Car insurance premiums, already at record lows, could fall even further this year thanks to new reforms around whiplash claims, the government says.
The Ministry of Justice's new Official Injury Claim portal is intended to simplify the traffic-accident claims process, cutting expensive lawyers out of the equation.
It also aims to combat what the government sees as an 'unacceptably high' number of whiplash claims stemming from possible fraud.
Reduced whiplash payouts will save insurers money, and they've pledged to pass on savings to customers by lowering premiums.
Here, we look at how the new portal works, and the difference it could make to your premium.
When logged in, you'll be able to launch claims for road-traffic-related personal injuries valued at less than £5,000, including claims for whiplash.
The government anticipates that most traffic-accident claims will eventually be settled through this portal.
Crucially, you'll have to attach medical evidence for whiplash claims. Previously, this wasn't a requirement and these claims could be settled without evidence.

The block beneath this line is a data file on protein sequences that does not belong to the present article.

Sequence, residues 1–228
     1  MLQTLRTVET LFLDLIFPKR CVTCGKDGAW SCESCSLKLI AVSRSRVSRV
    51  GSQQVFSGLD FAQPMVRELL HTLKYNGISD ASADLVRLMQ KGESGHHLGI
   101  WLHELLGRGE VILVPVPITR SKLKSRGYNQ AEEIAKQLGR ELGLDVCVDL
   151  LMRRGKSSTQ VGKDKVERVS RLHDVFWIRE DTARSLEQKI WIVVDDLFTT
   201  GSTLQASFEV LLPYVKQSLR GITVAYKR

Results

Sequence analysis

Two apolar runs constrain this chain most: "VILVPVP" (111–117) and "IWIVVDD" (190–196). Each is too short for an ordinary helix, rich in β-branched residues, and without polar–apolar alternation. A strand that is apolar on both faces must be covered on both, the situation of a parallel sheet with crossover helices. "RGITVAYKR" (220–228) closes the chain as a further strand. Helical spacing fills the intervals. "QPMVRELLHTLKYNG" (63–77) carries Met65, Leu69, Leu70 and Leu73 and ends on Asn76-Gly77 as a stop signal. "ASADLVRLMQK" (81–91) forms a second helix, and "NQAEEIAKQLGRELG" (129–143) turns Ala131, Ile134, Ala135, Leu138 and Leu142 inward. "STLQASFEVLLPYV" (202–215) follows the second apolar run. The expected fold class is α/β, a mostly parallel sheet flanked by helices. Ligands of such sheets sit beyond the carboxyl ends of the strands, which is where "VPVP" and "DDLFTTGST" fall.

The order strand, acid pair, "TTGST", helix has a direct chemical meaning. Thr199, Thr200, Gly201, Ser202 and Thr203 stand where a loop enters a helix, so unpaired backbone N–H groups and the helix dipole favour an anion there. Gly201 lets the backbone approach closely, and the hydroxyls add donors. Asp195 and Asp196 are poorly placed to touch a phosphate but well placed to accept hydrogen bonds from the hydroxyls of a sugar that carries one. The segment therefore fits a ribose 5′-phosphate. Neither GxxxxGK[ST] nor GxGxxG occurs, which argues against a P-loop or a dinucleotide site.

Crash for cash involves fraudsters faking or deliberately causing traffic accidents in order to make personal injury claims against other drivers. It's often organised and carried out by criminal gangs.
This fraud will have an impact on insurance premiums, especially in areas identified as 'crash for cash hotspots', where the crimes are prevalent. Birmingham, Bradford, Manchester, London and Luton are among the most affected areas, according to the IFB.
So what difference will this new portal make?
First, there's the need for medical evidence. It's thought that this will deter some fraudulent claimants who are making exaggerated claims.
Second, the portal comes with new tariffs for whiplash injury compensation, regulating what victims (or fraudsters) can claim for.
These tariffs start at £240 for injuries that last less than three months, and can be more than £4,000 for those lasting up to two years.
You won't see an immediate rebate now that this new portal has been introduced. The idea is that lower payouts mean insurers can set lower premiums in the future.
The government has estimated that these new rules will save car insurers more than £1bn. Insurers are obliged to pass savings related to these measures on to customers. This is expected to work out at a reduction of £35 each per premium.
While insurers have welcomed the reforms, not everyone is as pleased to see them.
Matthew Maxwell Scott, executive director of the Association of Consumer Support Organisations, says: 'There is still nothing to show that the changes will do much more than save insurers money.'
If the government estimate is correct, you could see your premium fall. But it's worth noting that we might not see what the full effect is for a while; the government is set to review the portal's success in 2024.